Forget personal computing or animated movies, Steve Jobs is well on his way to posthumously ruling another realm – publishing.
Walter Isaacson’s “Steve Jobs,” a biography of the late Apple co-founder, is the top-selling book in the country.
The book sold 379,000 copies in the U.S. during its first week on sale — the biggest weekly amount in this country since the debut of George W. Bush’s “Decision Points” and Jeff Kinney’s “Diary of a Wimpy Kid: The Ugly Truth.” That figure already makes it the 18th bestselling book of the year, according to Nielsen’s BookScan.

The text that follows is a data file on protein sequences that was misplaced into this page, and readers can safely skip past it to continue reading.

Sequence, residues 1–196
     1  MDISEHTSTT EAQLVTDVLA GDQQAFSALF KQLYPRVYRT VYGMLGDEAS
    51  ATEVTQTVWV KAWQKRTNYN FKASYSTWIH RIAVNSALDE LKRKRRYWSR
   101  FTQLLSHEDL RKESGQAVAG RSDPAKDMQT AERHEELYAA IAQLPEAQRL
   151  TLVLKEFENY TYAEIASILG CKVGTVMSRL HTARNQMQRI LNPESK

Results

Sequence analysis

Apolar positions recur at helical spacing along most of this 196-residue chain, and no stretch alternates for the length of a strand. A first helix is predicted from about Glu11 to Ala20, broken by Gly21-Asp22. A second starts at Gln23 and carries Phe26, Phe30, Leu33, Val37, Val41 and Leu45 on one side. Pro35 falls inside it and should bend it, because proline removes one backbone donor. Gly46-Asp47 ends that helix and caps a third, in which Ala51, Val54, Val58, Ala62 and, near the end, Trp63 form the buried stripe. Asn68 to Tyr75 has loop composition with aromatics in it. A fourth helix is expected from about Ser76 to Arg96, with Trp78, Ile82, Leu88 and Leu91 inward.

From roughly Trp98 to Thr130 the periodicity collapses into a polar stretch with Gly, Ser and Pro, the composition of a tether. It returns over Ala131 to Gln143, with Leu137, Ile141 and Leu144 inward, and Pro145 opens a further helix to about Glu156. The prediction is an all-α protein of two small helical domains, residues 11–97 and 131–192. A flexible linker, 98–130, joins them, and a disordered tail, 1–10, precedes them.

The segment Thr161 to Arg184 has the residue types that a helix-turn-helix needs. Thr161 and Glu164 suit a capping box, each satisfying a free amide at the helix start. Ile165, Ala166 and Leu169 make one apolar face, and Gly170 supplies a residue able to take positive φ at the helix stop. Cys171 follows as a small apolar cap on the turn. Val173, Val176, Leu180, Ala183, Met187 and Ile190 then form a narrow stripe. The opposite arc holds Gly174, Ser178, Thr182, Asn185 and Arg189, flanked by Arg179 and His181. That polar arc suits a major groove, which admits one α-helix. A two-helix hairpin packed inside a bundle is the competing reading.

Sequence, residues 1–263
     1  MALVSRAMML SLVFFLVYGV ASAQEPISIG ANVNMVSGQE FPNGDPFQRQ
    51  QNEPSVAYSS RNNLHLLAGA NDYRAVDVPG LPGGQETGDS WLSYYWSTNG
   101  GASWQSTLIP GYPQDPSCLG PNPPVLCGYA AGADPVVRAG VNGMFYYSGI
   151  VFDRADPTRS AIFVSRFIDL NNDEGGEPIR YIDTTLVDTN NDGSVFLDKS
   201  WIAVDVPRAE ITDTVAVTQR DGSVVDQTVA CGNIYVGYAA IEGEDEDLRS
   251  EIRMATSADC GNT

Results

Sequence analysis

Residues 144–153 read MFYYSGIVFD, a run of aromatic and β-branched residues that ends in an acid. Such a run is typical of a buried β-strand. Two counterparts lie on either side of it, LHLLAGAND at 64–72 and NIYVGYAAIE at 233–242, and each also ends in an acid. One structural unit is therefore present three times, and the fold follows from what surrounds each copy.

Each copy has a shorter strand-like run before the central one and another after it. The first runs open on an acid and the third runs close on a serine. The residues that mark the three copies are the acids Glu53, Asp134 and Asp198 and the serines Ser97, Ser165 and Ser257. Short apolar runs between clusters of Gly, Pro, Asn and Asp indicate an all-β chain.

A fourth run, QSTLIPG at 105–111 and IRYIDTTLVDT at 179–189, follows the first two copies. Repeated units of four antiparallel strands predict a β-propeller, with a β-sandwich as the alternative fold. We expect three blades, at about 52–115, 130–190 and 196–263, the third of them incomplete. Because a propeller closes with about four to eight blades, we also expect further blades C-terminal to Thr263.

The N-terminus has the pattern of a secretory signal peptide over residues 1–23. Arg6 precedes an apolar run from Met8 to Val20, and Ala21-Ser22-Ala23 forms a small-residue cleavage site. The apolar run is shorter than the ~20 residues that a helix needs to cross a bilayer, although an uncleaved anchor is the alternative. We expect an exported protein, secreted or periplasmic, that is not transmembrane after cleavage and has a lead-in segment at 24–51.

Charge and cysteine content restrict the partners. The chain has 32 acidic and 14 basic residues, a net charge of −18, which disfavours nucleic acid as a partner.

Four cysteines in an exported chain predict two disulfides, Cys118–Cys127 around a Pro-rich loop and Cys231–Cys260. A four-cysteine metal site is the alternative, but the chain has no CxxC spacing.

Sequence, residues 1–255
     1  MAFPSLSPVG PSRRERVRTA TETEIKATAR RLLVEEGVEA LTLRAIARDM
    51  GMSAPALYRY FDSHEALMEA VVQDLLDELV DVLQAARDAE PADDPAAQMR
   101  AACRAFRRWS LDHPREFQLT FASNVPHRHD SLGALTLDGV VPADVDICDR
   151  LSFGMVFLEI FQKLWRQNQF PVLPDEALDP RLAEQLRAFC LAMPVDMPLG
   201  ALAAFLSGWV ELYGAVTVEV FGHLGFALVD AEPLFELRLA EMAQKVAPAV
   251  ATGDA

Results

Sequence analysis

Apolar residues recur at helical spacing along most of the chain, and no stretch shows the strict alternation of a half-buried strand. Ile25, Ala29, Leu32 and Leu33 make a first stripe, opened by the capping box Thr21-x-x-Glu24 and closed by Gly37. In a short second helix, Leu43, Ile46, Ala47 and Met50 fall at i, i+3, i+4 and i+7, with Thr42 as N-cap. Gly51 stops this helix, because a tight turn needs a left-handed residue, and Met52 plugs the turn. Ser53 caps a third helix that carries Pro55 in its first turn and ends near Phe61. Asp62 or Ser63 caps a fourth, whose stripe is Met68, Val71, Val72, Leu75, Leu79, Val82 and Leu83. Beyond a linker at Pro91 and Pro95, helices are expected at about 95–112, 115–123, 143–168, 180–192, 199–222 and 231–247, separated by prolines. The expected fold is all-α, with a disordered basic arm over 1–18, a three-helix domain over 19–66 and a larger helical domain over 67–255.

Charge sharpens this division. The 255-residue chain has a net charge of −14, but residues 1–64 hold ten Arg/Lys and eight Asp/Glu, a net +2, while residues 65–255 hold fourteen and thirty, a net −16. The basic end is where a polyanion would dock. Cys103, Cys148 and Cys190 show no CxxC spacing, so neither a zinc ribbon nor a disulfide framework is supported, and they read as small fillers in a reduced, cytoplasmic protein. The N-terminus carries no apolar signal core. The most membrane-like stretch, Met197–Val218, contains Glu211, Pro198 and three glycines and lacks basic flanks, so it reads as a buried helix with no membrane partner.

Simon & Schuster, the book’s publisher, moved up its release from Nov. 21 to Oct. 24 after Jobs’ death.
The bio immediately topped e-book charts upon its release, and remains atop both the Kindle Store chart and the regular Amazon chart. It has slipped to 6th in Barnes & Noble's Nook ebook store, but who's checking?
Isaacson has been a media fixture over the past several weeks, appearing on everything from CBS’ “60 Minutes” to Comedy Central's “The Daily Show.”